Paradigm

In 1962, a book was published for the International Encyclopaedia of Unified Science, a series designed to showcase the latest in critical thinking about the scientific method and its success.

But this book, The Structure of Scientific Revolutions by Thomas Kuhn, changed all that, and has forever changed our view of science and what scientists do.

 

For Kuhn, scientists did not simply collect facts, like the logical empiricists believed. Nor did they suggest wild theories only to prove them wrong, as Karl Popper had suggested.

 

Instead, for Kuhn scientists solve puzzles. They use theories and hypotheses to order and test their observations of the world, use all sorts of equipment and protocols to guide their actions, and have certain standards of success to measure their work by. They use textbooks to teach the next generation which great minds and experiments to emulate.

Together, these form what Kuhn called a ‘paradigm.’ Normally, it was not the scientist’s job to confirm or challenge its big ideas – whether the earth travels around the sun, that fire burns oxygen, that matter can be both a wave and a particle, and so on – but to fill in the gaps in the paradigm.

It doesn’t really matter if one experiment fails, or one observation is out of place, because there are many reasons why they could have gone wrong: maybe the sample was old or the equipment was broken, perhaps some hypothesis or calculation had gone awry. Eventually a solution will be found, only adding to the power of the paradigm.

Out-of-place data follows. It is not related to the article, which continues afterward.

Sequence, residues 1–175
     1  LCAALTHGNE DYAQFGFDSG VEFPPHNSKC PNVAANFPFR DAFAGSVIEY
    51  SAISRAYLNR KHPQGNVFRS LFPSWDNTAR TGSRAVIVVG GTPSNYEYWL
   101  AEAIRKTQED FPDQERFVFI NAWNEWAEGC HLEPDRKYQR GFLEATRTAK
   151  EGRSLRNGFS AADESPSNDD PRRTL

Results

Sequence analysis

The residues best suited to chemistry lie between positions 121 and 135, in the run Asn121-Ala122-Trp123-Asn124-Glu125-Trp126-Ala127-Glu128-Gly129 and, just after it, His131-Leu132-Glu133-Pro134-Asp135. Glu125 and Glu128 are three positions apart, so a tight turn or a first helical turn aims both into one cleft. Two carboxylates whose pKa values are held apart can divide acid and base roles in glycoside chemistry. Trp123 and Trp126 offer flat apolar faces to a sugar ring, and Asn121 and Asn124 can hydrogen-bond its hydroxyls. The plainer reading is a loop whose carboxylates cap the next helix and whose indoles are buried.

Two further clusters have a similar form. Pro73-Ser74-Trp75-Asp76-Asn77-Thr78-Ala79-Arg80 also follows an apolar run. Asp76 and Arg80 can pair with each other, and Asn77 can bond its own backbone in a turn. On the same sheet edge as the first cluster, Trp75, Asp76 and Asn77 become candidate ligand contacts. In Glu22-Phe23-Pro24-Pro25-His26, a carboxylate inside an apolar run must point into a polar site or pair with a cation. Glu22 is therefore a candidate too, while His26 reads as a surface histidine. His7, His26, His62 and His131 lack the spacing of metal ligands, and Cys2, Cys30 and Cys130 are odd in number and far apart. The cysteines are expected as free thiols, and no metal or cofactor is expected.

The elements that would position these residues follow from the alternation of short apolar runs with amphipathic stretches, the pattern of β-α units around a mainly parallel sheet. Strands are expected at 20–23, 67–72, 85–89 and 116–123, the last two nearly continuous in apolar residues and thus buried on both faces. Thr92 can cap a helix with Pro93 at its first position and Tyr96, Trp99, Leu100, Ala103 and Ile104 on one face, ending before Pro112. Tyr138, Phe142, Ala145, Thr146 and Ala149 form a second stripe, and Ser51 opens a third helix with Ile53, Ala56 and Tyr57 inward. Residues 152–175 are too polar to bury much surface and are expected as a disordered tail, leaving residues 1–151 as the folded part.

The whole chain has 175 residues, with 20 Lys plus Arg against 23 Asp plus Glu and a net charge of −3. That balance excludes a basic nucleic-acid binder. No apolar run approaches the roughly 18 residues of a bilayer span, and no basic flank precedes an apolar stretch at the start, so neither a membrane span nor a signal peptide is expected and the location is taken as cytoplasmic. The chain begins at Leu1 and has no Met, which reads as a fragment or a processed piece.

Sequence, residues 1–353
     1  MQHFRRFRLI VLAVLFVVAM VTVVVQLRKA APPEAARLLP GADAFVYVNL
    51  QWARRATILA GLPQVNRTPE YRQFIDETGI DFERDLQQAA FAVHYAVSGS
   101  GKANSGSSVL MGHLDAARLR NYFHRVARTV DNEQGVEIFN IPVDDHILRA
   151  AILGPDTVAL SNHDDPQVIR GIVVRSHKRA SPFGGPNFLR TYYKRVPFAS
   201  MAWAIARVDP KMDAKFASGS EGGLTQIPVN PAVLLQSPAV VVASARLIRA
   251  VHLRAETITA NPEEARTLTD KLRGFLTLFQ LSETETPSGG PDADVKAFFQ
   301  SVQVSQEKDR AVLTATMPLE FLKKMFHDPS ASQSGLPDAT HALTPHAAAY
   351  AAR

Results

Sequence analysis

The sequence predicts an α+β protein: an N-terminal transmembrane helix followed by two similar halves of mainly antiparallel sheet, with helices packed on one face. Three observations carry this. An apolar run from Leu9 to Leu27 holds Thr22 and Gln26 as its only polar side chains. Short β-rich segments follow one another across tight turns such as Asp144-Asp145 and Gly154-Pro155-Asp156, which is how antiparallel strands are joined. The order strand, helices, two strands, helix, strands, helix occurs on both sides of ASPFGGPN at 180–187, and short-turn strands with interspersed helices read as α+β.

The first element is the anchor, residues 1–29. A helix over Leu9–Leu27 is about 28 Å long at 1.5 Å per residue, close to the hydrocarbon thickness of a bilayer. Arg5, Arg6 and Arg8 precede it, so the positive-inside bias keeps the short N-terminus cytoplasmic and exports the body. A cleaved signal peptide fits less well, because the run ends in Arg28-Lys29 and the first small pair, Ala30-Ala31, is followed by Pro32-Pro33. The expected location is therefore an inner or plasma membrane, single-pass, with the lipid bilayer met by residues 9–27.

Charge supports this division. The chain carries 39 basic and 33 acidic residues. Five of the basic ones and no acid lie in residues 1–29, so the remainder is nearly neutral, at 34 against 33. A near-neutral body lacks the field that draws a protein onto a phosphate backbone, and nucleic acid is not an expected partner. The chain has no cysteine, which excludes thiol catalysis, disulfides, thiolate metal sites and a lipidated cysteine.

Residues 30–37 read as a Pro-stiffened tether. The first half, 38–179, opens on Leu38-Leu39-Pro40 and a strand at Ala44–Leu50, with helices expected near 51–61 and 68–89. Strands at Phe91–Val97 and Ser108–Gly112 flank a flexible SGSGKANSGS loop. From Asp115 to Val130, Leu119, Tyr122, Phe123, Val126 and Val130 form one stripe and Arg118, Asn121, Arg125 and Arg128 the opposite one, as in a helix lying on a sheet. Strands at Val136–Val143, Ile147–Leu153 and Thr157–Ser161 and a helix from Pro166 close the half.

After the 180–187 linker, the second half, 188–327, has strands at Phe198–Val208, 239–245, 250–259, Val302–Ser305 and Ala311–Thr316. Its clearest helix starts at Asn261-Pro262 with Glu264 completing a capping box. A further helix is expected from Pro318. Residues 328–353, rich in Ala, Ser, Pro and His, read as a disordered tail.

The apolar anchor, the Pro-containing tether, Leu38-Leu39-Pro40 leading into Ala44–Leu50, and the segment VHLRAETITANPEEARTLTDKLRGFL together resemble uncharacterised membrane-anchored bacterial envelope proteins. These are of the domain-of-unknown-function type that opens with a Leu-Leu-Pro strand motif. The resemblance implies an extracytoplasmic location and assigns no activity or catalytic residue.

But what happened if the gaps could not be filled? If the anomalies start to add up? If science stops being normal?

 

Because paradigms have their own standards of evidence, they cannot be broken from the inside. A rival paradigm must emerge, with different theories and practices, to challenge it. And because they have their own standards of success, there is no rational way to decide between them.

 

For Kuhn, competing paradigms were like two completely different ways of looking at the world, and changing from one to the other nothing less than a religious conversion. A paradigm only disappeared when all its adherents converted or died.

 

Kuhn’s vision of science has been enormously influential, propelling historians and sociologists of science to examine how and why scientific controversies – and even scientific experiments – end. Some have criticised his view for being too relativistic: if paradigms are the measure of their own success, then what of truth? What of scientific progress?

Others have taken Kuhn’s ideas and tried to expand them, make them more nuanced, or simply to reject them. Theories abound to explain the nature of science and scientific progress, including ‘ways of knowing,’ ‘styles of reasoning,’ ‘styles of thinking & doing,’ ‘looping effects,’ and ‘questions and answers.’

Independently of Kuhn, the French philosopher Michel Foucault developed the idea of ‘epistemes,’ ways of thinking that encompass not only science, but how we understand politics, economics, society, rationality, the body and the self.

 

The challenge remains: if we caught within our own paradigms or epistemes, then how do we realise when it no longer suits our needs? And how to we get out?

 

Perhaps more importantly, how do we convince those who come from such different scientific or social backgrounds? How do we even begin?